"It's something that's missing for us," he said. "Lately we've been doing well. We've been playing good over this last cycle of qualifying to get ourselves in a World Cup. We got to a World Cup and got to enjoy that moment. But we need to start winning and showing that we're a dominant force here in CONCACAF.

"So that's in everybody's minds … We're happy about where we are right now, going to Vegas. It's going to be everything for us. We want to get that trophy and just show how good we can be and how good we are."

Hutchinson had just turned 17, and was a youth international, when the Canadian men turned heads in 2000 with an unlikely triumph at the CONCACAF Gold Cup.

Alphonso Davies was two when Hutchinson made his senior debut in January 2003 against the U.S. Midfielder Ismael Kone was six months old.

Like Sinclair, Hutchinson is Canada's talisman.

"The fact he's still with us, it's a blessing for all of us," said veteran midfielder Jonathan Osorio. "He's a true example of what every Canadian soccer player should aspire to become."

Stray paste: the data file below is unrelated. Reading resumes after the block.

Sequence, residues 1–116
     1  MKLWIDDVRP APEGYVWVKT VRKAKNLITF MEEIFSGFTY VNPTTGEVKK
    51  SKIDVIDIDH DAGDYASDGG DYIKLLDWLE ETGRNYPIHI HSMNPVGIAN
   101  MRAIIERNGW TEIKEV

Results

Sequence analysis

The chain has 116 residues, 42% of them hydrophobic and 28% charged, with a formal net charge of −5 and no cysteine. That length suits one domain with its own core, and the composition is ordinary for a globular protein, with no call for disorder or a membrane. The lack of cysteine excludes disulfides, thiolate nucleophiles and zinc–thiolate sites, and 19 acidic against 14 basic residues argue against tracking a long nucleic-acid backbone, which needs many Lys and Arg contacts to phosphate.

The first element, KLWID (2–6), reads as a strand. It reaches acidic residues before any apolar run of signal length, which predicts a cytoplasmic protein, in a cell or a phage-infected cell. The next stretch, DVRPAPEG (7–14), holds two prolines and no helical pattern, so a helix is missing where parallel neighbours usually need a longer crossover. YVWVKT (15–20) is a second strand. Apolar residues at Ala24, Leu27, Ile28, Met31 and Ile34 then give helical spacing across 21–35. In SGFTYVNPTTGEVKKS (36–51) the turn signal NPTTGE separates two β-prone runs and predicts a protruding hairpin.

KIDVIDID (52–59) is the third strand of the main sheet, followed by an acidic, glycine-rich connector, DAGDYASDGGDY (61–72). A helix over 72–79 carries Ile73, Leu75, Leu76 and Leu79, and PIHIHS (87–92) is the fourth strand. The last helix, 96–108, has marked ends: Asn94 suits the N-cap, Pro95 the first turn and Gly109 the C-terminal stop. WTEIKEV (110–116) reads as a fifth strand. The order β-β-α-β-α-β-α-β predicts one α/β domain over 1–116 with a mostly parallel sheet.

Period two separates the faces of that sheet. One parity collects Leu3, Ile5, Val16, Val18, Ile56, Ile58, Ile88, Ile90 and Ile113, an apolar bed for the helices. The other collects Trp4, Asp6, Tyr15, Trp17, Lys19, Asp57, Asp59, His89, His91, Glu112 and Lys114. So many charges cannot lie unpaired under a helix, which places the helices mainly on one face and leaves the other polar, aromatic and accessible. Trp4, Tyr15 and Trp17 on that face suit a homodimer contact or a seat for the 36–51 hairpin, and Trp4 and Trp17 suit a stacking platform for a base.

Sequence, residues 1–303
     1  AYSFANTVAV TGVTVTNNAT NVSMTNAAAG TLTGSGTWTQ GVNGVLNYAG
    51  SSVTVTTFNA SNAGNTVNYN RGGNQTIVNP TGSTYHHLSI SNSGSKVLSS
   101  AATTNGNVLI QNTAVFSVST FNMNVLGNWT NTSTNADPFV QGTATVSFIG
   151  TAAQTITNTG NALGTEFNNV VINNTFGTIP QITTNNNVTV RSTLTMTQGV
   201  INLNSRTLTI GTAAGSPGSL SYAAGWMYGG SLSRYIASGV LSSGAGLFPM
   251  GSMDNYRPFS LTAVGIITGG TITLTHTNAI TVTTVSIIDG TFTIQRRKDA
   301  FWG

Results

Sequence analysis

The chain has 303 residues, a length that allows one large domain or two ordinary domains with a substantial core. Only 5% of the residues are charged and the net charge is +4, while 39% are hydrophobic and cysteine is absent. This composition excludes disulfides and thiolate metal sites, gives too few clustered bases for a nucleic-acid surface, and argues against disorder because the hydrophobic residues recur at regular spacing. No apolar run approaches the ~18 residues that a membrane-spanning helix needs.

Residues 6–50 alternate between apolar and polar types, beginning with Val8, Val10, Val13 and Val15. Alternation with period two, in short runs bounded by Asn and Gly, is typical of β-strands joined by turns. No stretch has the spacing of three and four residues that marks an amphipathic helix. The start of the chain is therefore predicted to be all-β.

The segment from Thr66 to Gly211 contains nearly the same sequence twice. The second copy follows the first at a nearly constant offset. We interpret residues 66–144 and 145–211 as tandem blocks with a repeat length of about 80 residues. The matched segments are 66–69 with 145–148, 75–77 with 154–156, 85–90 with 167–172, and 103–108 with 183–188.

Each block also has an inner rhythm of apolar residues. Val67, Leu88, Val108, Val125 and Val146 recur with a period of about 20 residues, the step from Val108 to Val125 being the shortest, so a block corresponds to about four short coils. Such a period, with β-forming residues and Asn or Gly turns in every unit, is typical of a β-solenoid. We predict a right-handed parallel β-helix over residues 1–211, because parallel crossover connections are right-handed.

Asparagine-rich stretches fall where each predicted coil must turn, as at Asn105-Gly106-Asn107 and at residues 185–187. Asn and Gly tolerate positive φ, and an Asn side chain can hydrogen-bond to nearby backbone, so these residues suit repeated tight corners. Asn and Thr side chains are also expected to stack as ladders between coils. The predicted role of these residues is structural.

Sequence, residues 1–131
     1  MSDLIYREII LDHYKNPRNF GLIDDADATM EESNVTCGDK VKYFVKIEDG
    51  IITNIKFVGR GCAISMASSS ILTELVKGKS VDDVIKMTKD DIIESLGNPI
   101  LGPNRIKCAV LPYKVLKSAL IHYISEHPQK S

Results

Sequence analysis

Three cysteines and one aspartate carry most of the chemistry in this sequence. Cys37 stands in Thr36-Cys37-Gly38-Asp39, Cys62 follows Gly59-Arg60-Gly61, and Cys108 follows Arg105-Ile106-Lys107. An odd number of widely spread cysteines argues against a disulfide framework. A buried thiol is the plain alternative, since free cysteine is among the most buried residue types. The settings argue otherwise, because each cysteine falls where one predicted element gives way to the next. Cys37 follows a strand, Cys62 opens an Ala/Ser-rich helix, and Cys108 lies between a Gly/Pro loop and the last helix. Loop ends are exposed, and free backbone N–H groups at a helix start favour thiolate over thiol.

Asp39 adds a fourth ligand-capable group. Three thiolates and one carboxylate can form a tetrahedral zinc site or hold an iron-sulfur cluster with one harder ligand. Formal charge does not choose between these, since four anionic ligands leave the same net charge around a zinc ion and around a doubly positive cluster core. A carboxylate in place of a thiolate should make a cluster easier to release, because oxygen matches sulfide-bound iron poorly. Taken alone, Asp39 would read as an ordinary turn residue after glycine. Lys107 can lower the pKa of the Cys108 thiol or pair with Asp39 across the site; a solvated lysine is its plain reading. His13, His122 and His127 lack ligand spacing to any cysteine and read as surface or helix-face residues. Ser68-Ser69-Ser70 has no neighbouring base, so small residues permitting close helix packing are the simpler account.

"A solid soldier. He's a real captain … definitely a person everyone should emulate," said forward Ayo Akinola.

Hutchinson was the oldest outfield player at the World Cup in Qatar. And in taking the field against Belgium, at 39 years 288 days, he became the second-oldest outfield player ever to make an appearance in the World Cup behind Cameroon's Roger Milla (42 years 39 days).

"He's just a really special man,'' John Herdman, who is Hutchinson's 10th Canadian manager, said on the eve of that World Cup opener. "I think all of us are in a moment where we'll be doing this as much for Atiba as we are to get our three points. He's a legend.

"I've had the privilege of being with Sinclair in key moments and now Atiba Hutchinson. And these are the moments you work hard to be part of."

Hutchinson has been a loyal servant to Canada in good times and bad, turning out for his country when it ranked 122nd in the world, sandwiched between Niger and Liberia (in October 2014).